SRO Tenants: The Year in Review

by Karin Drucker on December 20, 2013

It may be an exaggeration to call 2013 the year of the SRO tenant, but not by much. San Francisco is home to over 200 SRO (Single-Room Occupancy) hotels. SRO’s are home to many low-income residents of San Francisco who have never been more organized. This is in no small part due to the efforts of SRO organizing groups including the Mission SRO Collaborative, the Chinatown Community Development Center, the SRO Families United Collaborative, and the Central City SRO Collaborative (CCSROC). Along with advocates, city officials, city agencies, and public leaders, SRO hotel tenants have made huge gains this year. Here are some highlights.

– In August, CCSROC tenants banged down the door of a California Senate Appropriations Committee hearing where their powerful testimony halted AB 1407, a bill to gut the low-cost phone service LifeLine. AB 1407 would have shifted control of LifeLine from the California Public Utilities Commission to AT&T, raising phone rates for 1.2 million Californians. The LifeLine program allows low-income individuals to stay connected to doctors, family, social support, and to get help in emergencies. Senate staff told the CCSROC tenants that without the testimony, they would have voted ‘yes’ on AB 1407. Talk about David and Goliath: SRO tenants went up against the behemoth lobbying arm of AT&T—and carried the day.

– In February, the Board of Supervisors passed landmark legislation for seniors and people living with disabilities in SRO hotels. Grab bars in showers and near toilets prevent falling, which often cripples elderly people. San Francisco may be the poster child for the age of the iPhone, but SRO hotel tenants still rely on old-fashion land lines—and for that they need working phone jacks. Thanks to advocacy efforts from a slew of non-profit advocacy groups and tenants, the Board of Supervisors agreed in February to amend the San Francisco Housing code to require that SRO hotel operators provide phone jacks and grab bars. Mayor Ed Lee signed the legislation in March 2013.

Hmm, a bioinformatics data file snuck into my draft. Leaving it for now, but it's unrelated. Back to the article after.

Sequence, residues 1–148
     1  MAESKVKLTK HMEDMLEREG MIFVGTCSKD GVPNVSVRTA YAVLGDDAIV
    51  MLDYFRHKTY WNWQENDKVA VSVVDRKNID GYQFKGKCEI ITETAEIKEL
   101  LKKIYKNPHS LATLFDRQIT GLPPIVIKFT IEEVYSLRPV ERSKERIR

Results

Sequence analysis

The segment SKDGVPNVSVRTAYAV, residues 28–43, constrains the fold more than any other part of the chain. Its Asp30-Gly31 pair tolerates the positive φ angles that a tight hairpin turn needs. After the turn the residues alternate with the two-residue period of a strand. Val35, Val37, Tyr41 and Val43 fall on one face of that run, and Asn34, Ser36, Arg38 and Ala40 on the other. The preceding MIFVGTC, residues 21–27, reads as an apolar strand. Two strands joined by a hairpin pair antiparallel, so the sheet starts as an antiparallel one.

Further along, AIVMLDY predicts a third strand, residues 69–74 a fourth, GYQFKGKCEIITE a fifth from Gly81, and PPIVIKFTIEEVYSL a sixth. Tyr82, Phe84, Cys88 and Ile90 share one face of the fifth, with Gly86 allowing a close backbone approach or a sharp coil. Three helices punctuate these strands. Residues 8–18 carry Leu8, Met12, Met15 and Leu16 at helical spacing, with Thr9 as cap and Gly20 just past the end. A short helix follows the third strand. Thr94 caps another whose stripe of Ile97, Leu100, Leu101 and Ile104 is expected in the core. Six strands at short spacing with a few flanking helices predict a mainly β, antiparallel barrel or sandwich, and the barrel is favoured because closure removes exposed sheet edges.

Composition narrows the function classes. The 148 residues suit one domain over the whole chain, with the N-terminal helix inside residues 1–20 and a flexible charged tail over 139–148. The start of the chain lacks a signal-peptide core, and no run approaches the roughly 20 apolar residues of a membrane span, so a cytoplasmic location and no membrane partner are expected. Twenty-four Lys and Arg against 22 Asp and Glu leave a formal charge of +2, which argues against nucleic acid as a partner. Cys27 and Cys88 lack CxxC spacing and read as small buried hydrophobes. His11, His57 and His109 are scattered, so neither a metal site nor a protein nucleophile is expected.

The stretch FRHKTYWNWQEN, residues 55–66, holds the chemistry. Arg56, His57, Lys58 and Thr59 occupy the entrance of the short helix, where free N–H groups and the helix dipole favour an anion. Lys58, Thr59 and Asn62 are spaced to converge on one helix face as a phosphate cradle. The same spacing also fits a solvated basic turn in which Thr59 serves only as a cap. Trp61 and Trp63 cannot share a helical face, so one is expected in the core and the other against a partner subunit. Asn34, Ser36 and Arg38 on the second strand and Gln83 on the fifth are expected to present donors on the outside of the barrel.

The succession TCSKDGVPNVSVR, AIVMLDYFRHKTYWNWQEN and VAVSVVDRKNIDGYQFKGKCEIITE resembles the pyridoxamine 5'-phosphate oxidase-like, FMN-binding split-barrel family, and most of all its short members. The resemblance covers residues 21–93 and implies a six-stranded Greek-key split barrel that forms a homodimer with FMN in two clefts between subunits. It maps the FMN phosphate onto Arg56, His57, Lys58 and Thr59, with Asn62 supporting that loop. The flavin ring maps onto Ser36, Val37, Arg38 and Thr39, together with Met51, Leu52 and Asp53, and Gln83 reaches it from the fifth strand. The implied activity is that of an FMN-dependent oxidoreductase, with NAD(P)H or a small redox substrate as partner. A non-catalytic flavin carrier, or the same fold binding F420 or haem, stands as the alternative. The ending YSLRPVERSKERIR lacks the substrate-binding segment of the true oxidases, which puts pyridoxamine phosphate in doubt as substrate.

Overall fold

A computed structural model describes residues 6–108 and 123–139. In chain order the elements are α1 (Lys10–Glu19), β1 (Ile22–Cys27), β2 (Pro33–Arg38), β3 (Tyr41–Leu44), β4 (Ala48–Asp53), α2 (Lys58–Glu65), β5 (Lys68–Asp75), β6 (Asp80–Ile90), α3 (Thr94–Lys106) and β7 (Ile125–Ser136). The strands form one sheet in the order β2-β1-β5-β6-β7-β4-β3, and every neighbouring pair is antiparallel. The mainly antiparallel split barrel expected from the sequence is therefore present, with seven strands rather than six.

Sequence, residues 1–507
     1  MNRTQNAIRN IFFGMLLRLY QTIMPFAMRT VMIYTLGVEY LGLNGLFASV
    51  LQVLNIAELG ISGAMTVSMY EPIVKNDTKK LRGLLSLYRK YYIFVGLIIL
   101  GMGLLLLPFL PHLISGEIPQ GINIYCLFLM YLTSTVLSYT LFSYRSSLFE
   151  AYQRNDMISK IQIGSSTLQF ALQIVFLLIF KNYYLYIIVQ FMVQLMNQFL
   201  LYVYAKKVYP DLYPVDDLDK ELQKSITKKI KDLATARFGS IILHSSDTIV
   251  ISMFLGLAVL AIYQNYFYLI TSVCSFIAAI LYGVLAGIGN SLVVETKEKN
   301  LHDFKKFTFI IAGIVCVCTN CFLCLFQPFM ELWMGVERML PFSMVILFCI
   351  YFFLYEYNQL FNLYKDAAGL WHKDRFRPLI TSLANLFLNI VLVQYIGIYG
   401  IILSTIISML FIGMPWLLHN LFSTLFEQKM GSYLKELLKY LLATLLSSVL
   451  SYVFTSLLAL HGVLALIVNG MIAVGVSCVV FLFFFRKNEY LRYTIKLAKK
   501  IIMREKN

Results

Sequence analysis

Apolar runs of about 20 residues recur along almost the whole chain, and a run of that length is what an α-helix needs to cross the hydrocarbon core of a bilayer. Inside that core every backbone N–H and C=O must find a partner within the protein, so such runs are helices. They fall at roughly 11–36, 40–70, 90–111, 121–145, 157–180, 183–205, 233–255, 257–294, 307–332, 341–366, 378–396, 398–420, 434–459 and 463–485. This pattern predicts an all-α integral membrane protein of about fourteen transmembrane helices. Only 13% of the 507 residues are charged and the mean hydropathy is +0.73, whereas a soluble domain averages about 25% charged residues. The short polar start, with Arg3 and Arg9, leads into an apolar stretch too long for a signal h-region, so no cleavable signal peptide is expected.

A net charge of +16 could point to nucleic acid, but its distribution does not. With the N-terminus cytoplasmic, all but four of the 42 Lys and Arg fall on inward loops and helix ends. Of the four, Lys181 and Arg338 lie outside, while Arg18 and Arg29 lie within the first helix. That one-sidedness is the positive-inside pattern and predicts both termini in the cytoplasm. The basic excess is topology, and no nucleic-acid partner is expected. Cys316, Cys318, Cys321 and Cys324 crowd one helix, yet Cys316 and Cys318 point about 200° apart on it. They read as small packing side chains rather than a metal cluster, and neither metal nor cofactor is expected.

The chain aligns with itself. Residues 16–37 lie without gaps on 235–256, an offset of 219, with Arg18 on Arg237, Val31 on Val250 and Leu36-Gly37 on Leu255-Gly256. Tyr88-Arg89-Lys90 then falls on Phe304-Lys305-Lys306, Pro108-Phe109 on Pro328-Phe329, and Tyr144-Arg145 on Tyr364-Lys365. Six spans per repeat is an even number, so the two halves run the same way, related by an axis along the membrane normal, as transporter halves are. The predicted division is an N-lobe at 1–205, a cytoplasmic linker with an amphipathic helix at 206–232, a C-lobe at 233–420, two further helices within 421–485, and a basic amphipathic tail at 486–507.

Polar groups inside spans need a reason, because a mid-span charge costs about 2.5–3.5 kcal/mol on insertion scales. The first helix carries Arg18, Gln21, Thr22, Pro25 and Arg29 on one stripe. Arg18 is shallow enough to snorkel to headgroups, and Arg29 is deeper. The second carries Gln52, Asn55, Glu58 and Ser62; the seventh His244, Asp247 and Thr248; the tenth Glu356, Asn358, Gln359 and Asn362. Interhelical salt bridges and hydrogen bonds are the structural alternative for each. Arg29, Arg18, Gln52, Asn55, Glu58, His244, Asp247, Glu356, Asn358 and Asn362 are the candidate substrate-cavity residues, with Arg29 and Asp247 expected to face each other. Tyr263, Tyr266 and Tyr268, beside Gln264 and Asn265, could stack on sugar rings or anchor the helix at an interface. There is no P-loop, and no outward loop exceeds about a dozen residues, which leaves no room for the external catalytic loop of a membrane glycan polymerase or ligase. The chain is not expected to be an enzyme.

– Non-profit housing advocates presented the survey of seniors and adults living with disabilities in SRO survey and recommendations to the San Francisco Board of Supervisors, providing invaluable information about the changing needs of this aging population. The SRO hotel population is ‘aging in place,’ meaning that the residents are increasingly elderly and in need of higher levels of care. This survey will help the city keep pace with their increasing needs.

– Fighting the good fight in the Tenderloin: the CCSROC, in conjunction with the Department of Building Inspection successfully abated habitability issues at the Warfield and Bristol Hotels. This combined effort led to tenant settlements against the property owner this fall.

– Bring on the big quake: Tenderloin SRO hotel resident Stephen Tennis conducted over 20 disaster Preparedness Workshops in the Tenderloin and South of Market area for tenants in SRO Hotels.

Never fear, 2014, SRO tenants and advocates still have plenty of tricks up their sleeves. The fight continues to make sure SRO tenants have mailboxes, to make neighborhoods safer, and to ensure the right to affordable phone service. Think low-income residents of San Francisco don’t care? Think again.

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